Socket and channels lifecycle in a single page application


I’m building a game where n players play a party (don’t know the actual english word, like a game or a match) together. It’s kind of a quiz game.

This is a single page application, where a user can create a new party and send an invitation link to other players. Players who play several parties in a row never leave or reload the page, I use a router component with Svelte (it’s like Vue or React).

When a party is created, players join a party:XXXXXXX channel. The channel pushes the game state on every change, and receives players answers for the quiz questions.

I’ve set up a bunch of listeners on the channel, with channel.on('some_event', fn), also an error reporting system with channel.onError, etc.

When the party is finished, I call channel.leave(), and when a new party is started, I rebind my channel variable to the new channel.

But I have the feeling it is not enough, I have no guarantee that all these event listeners are properly cleaned up, and that their are not hanging somewhere with a lot of closures. Should I call…) before leaving the channel, for all listeners previously set up ? Would it be enough ?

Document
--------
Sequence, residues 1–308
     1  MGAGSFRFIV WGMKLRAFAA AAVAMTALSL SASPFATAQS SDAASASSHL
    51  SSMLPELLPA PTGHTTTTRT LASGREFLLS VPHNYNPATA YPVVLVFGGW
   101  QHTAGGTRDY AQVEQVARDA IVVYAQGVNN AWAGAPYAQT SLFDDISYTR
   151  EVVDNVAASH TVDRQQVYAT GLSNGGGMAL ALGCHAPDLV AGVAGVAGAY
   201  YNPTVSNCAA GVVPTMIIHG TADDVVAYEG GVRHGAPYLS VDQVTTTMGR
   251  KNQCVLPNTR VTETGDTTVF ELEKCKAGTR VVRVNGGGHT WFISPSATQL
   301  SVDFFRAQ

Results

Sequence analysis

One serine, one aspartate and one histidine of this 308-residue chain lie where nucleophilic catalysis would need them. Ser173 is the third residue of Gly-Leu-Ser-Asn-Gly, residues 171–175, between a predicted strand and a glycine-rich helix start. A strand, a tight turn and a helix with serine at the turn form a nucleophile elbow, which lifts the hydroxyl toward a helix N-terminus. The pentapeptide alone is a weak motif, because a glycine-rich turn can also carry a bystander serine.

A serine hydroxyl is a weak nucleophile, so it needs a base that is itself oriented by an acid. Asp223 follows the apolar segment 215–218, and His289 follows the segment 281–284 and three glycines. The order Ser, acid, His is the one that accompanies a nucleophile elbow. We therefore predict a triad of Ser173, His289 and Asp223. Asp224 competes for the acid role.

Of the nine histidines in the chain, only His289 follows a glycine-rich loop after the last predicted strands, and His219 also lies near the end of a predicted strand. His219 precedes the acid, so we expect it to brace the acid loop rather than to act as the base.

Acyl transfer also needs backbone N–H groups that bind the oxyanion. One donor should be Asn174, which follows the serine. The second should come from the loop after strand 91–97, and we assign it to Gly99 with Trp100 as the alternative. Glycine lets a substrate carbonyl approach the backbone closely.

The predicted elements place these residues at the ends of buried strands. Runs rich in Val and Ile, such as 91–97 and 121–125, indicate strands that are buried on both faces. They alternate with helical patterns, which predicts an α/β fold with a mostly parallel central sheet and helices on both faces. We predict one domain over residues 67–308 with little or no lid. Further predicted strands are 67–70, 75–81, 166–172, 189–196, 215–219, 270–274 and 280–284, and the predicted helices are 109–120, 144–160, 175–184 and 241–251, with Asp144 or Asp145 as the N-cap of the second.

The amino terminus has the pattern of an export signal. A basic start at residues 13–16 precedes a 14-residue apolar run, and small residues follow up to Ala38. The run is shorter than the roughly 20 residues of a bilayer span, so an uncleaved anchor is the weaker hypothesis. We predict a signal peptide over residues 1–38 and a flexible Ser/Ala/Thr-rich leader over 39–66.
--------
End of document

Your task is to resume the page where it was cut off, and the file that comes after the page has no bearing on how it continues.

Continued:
Or should I instead join a private channel for the player, where I subscribe to parties server side ? I use the join/3 function (elixir side) to verify that the player has been invited to the party (or created it), or reply :error otherwise, and I can keep the party ID in the socket data, so having a dedicated party channel is straightforward. But on the otherside it feels complicated to handle join rejections and managing channel setup/cleanup, where having a player channel would there be the straightforward solution.

Does someone have a similar situation or any advice on this topic ?

Thank you

I think the current way of handling things like you described should be perfectly fine. I think the only way to validate your concerns (to not have a memory leak) is to actually validate it with profiling of the browsers memory which you can do in for example chrome devtools in the following way:

My reasoning behind it is the following; if you look at the source of phoenix.js (the client side channel impl) then you see that all closures you give to the on() function on a channel are stored inside a channel object inside the bindings variable (array). When you throw away the channel variable (which you do because it represents a single game) then it should be garbage collected together with all the bindings(closures) that are stored inside as the GC can infer that nobody is using it anymore. (see here: )

But again you could validate this with the devtools yourself if you have doubts (could be quite interesting to do :slight_smile: )

Have fun while coding the game!

1 Like

Thanks for the pointer. I’ll keep it that way for now and run some measurements when the codebase is stable.